BOOK OF CHRISTMAS - online book

The Customs, Ceremonies, Traditions, Superstitions, Fun, Feeling,
And Festivities Of The Christmas Season.

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21
THE BOOK OF CHRISTMAS.
last; the sirloyns of beef, the minc'd pies, the plumb-porridge, the capons, turkeys, geese, and plumb-puddings, were all brought upon the board ; and all those who had sharp stomachs and sharp knives, eat heartily and were welcome, which gave rise to the proverb,
' Merry in the hall, when beards wag all.' "
Now, all men, in those days, appear to have had good stomachs ; and, we presume, took care to provide themselves with sharp knives.—The only recorded instance in which we find a failure of the latter, is that portentous one which occurred, many a long day since, in the court of King Arthur; when the Christmas mirth was so strangely disturbed by the mischievous interference of the Boy with the Mantle. Under the test introduced by that imp of discord—and which appears to have " taken the shine out of" the monarch's own good sword Excalibar itself,—there was found but one knight, of all the hungry knights who sat at that Round Table, whose weapon was sharp enough to carve the boar's head, or hand steady enough to carry the cup to his lip without spilling the lamb's wool ;—and even he had a very narrow escape from the same incapacities. But then, as we have said, this was at court, and under the influence of a spell (with whose nature we take it for granted that our readers are acquainted,—and if not, we refer them to the Percy Ballads)—and it is probable that in those early, as in later, days, tests of such extreme delicacy were of far more dangerous introduction in the courts of kings than amongst as­semblies of more mirth and less pretension. We could by no means feel sure that the intrusion, in our times, of a similar test, into a similar scene, might not spoil the revels.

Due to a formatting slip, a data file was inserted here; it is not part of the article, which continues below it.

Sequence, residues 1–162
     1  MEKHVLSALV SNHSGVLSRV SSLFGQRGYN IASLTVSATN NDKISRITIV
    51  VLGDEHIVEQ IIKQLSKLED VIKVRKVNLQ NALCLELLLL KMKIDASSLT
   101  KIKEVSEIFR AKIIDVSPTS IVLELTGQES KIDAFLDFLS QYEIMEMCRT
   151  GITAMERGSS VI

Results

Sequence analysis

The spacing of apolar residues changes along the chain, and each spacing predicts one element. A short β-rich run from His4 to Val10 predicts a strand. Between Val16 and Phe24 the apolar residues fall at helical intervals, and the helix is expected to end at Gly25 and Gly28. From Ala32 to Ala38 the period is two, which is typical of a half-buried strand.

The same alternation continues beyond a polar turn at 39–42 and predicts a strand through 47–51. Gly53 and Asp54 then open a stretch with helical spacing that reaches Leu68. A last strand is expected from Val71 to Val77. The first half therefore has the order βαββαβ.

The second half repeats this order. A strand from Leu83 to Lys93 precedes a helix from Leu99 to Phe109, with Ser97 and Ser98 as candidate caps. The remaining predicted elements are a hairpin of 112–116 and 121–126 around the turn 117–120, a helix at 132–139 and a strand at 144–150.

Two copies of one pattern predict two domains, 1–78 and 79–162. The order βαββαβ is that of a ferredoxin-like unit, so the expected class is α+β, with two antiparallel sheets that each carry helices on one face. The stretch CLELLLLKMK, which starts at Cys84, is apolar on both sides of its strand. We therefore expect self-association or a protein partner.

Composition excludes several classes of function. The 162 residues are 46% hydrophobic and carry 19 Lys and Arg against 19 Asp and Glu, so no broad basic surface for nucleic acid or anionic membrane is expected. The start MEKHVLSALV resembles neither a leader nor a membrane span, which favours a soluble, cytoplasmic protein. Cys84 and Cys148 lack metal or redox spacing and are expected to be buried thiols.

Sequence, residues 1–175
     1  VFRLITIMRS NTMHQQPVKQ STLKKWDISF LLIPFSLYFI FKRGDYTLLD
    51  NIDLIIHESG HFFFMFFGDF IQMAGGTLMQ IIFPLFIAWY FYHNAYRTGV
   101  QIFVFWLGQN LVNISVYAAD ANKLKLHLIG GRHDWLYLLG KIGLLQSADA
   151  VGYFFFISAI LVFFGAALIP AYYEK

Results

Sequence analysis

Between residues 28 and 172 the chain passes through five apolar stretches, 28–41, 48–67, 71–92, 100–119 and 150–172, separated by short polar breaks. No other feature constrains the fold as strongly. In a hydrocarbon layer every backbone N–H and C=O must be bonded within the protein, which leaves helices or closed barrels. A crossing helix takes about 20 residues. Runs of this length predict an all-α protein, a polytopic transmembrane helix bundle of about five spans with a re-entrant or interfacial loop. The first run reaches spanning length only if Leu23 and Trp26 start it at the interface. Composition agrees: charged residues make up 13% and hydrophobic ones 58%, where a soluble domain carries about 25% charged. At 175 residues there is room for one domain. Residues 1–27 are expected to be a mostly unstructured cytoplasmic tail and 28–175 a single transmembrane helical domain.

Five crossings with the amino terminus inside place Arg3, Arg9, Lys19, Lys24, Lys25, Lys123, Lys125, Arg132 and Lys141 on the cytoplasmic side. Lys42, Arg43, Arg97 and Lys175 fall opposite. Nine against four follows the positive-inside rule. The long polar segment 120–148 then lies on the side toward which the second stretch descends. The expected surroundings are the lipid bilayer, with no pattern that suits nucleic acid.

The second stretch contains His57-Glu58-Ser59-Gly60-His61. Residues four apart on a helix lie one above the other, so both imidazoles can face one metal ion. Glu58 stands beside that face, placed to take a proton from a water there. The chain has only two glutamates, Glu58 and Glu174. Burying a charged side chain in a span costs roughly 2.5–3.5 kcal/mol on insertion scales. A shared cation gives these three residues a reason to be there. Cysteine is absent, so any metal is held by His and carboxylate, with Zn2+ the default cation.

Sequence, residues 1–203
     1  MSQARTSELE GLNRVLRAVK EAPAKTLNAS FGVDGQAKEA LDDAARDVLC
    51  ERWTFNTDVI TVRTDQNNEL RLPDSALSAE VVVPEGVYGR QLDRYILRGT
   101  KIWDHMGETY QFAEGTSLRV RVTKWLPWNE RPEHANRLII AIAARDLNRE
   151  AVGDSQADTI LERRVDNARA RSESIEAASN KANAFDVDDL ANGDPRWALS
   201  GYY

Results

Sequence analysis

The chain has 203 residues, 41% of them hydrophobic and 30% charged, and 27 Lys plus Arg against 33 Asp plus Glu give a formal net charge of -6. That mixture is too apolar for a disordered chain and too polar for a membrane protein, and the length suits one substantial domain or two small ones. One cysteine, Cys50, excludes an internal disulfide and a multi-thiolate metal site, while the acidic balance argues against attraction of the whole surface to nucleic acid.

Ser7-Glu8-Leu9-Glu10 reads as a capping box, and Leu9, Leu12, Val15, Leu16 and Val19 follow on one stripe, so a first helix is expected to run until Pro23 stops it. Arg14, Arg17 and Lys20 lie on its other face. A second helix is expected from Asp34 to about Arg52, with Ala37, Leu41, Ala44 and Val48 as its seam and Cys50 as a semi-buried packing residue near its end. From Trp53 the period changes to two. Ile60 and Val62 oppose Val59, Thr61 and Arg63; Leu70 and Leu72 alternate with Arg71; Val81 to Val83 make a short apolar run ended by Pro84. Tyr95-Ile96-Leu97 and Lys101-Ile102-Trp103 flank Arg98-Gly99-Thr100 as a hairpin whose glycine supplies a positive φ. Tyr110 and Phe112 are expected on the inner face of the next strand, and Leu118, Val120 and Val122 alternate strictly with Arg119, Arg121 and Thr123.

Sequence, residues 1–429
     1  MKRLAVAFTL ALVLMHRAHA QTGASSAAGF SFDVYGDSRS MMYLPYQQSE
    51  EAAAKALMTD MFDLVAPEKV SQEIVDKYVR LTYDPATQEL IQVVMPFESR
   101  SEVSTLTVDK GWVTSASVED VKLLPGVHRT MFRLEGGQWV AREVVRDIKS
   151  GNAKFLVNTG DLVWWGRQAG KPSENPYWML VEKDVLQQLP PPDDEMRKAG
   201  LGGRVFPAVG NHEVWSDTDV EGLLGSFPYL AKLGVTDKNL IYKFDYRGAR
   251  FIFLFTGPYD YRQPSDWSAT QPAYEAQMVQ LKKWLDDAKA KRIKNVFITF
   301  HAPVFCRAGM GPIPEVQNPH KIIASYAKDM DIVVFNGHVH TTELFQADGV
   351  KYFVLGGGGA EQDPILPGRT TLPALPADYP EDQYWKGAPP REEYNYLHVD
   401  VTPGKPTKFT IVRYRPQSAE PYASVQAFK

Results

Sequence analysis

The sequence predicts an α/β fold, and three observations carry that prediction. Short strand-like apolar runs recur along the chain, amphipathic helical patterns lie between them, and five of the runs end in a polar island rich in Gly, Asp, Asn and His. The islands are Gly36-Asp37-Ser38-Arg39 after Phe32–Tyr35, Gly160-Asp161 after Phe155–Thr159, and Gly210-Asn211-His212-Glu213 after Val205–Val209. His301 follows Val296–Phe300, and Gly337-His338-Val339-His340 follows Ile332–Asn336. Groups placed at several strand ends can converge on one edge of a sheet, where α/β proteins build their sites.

But to return.—The old ballads which relate to this period of the year, are redolent of good things ; and not to be read by a hungry man with any degree of equanimity. Of course, they are ex post facto ballads ; and could only have been written, under the inspiration of memory,—at a time when men were at leisure to devote their hands to some other occupation than those of cooking or carving. But it is very difficult to understand how they ever found,—as it appears they did,—-their mouths in a condition to sing them, at the season itself. There is one amongst those ballads,
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